Thennamaravadi is an isolated rural village some 65 kilometres north of Trincomalee on the Pulmoddai Road. The inhabitants rely mostly on farming and fishing to make a livelihood. They have some livestock they graze in the nearby forests. They worship at an ancient kovil, upgraded with colourful murals of gods and goddesses.
It was a peaceful existence until 1984 when the war intruded, driving the villagers from their homes and wrecking their lives. One incident in particular caused the flight to Mullaitivu. Seven of the villagers who had gone with their cows to graze in the jungle disappeared. They are believed to have been taken to the nearby army camp. Five family members who went to look for them also went missing. Fearing more trouble, the villagers decided to leave, and as they crossed a river to the other side, they saw flames rising from where their houses stood.
Kandiah Paramanathan was born in Thennamaravadi 80 years ago and has lived there for most of his life. He traces his roots back to South India where his ancestors came from 500 years ago to settle in the village. He did not want to go to Mullaitivu but felt he had little choice. Life under the LTTE was no picnic either with interrogations, roundups and surveillance. When his two school going sons were forcibly recruited into the fighting force, Mr. Paramanathan managed to rescue them three months later and send them off to Vavuniya.
In 2010, he resettled in Thennamaravadi. He looked forward to going back to cultivating his paddy land and doing some fishing. But he, along with 50 other families, found to their dismay that most of their land had been taken over by Sinhalese farmers who had been settled there and were growing rice. Some land had returned to jungle.
“About 200 acres have yet to be given back to us. We have deeds and permits but we can’t get our land back,” he said. As president of the Rural Development Society, Mr. Paramanathan is leading the 11 year fight for justice. Two years ago, five people filed cases in the Trincomalee High Court. Some families don’t have proper documents while others are not able to afford lawyers to fight their cases.
“We have complained to the relevant government authorities and to the Human Rights Commission but there is no solution,” he said. “The District Secretary says the land is under the Provincial Council but it is actually under the central government.”
Like his fellow villagers, Mr. Paramanathan survives by leasing others peoples’ paddy fields and cultivating them while looking on as his own four acres are farmed by strangers. People who still have their land share the work with those who have lost theirs.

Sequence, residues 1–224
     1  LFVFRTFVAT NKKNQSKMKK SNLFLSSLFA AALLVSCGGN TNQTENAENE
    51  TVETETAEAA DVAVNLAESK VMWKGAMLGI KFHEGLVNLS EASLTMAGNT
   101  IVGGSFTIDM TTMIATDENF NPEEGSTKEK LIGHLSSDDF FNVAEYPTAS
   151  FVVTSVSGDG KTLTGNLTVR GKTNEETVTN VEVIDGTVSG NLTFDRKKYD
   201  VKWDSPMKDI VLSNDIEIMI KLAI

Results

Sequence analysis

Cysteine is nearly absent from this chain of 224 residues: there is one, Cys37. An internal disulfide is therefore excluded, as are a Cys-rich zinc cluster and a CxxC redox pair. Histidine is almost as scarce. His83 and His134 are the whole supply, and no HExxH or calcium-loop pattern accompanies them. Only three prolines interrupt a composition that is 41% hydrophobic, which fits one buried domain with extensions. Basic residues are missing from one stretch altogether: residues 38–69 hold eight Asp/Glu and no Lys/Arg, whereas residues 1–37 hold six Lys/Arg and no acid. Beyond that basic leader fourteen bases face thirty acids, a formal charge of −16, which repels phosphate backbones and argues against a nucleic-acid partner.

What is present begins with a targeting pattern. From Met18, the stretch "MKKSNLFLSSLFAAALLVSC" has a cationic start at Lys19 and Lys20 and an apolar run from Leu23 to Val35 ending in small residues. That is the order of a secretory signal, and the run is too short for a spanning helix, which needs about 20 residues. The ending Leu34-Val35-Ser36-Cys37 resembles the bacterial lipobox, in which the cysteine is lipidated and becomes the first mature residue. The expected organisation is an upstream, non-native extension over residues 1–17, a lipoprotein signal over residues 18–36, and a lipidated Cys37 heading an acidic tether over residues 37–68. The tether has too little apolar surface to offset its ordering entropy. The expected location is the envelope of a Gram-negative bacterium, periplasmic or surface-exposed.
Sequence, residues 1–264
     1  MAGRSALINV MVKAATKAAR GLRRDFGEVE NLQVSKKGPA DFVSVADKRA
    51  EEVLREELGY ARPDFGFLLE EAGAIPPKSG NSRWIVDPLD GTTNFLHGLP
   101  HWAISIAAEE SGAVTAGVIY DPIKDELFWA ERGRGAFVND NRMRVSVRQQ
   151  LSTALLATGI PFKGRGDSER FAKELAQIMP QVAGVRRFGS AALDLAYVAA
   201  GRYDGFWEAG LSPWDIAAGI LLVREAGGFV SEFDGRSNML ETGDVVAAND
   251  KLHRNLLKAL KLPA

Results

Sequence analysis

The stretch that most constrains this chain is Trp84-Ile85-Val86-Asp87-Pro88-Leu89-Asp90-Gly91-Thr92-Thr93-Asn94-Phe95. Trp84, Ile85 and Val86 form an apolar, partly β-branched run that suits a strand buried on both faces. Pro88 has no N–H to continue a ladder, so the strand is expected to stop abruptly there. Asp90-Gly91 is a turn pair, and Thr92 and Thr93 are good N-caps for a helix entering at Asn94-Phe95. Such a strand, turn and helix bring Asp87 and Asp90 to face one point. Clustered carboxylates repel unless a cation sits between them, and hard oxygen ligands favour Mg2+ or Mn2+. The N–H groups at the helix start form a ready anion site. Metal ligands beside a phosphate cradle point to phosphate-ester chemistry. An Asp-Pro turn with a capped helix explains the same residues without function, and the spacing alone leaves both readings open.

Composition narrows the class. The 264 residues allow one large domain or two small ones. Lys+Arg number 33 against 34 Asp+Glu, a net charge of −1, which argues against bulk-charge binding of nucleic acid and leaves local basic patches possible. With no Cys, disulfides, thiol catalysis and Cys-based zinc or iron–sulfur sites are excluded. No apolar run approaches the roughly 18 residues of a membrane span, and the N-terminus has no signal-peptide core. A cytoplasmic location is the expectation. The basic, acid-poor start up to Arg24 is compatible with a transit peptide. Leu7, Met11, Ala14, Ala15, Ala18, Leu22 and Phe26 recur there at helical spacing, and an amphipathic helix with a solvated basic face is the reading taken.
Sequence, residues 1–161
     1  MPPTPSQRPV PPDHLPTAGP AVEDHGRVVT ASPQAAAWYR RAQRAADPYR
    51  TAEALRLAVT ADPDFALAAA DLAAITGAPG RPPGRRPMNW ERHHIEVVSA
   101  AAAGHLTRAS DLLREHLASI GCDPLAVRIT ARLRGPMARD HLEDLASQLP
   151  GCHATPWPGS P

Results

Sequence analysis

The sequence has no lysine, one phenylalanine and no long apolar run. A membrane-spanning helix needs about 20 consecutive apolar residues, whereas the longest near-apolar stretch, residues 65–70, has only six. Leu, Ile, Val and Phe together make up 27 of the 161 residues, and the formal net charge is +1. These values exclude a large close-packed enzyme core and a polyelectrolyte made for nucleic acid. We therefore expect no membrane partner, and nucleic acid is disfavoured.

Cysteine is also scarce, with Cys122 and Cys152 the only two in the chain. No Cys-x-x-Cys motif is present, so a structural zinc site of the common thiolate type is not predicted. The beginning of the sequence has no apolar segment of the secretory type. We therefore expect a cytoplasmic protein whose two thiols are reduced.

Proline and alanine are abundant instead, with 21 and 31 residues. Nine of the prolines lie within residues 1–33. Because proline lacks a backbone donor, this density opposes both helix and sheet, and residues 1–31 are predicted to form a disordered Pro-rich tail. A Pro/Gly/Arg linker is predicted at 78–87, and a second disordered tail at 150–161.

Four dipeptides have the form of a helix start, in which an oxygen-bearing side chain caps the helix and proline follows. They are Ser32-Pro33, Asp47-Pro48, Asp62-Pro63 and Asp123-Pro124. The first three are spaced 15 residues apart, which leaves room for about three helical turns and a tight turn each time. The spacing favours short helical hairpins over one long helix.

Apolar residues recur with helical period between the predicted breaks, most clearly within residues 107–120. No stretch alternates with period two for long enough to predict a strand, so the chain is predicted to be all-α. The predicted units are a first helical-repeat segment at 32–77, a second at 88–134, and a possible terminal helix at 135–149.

“We have given interviews to many people. This government is going after people who are trying to get justice. Once you leave, the CID will come to question us. We have no hope with this government and now even the Tamil MPs don’t care about us,” he said.
When V. Moorthy returned to Thennamaravadi after 26 years of displacement, his four acres of paddy fields were being cultivated by others and he had no means of earning a living. He received no assistance with housing or other resettlement facilities. Caught up in the war, his leg was wounded. With five children and a wife dependent on him, Mr. Moorthy bought some cement block making machines and now survives on the blocks he makes and sells.
Kannapathy Kathiravel is also not allowed to cultivate his own paddy fields. At 72, he makes a living by going for labour work daily and leasing some paddy fields to cultivate so that he can provide for his three daughters who are still in school.
In Kinniya in another part of the Trincomalee District, people in the village of Sinnathotam still live in ramshackle cadjan huts with no permanent housing. They don’t have the deeds for their land although they were promised the documents several years ago.
“I came with five children here in 1990 and later had another child. We are still living in a cadjan hut. We asked the District Secretary for a house given to war affected people but no one has visited us. Last monsoon season, the land flooded. What we most need is a house,” said Kandasamy Vasanthi, whose husband is a fisherman.
In addition the lack of housing, the villagers are plagued by a huge garbage heap on their doorstep. Rubbish from Kinniya is brought and dumped close by, bringing health problems, bad odours and swarms of flies. Crows drop bits of garbage in their wells, polluting the water. Wild elephants come to feed and sometimes come into houses looking for food and causing damage. The dump is cheek by jowl with the Hindu cemetery where the villagers go to bury their dead and pay their respects.
“These people were displaced in 1990 and it is now 2021. According to government policy, the government should help resettled people but they have not been given anything. They paid money to the Land Reform Commission for their deeds in 2018 but they have not received them,” said Sivasekeram Panchalingam, a member of the Kinniya Urban Council.
See video for excerpts from interviews with victims:
See video for excerpts from an interview with a member of the Kinniya Urban Council: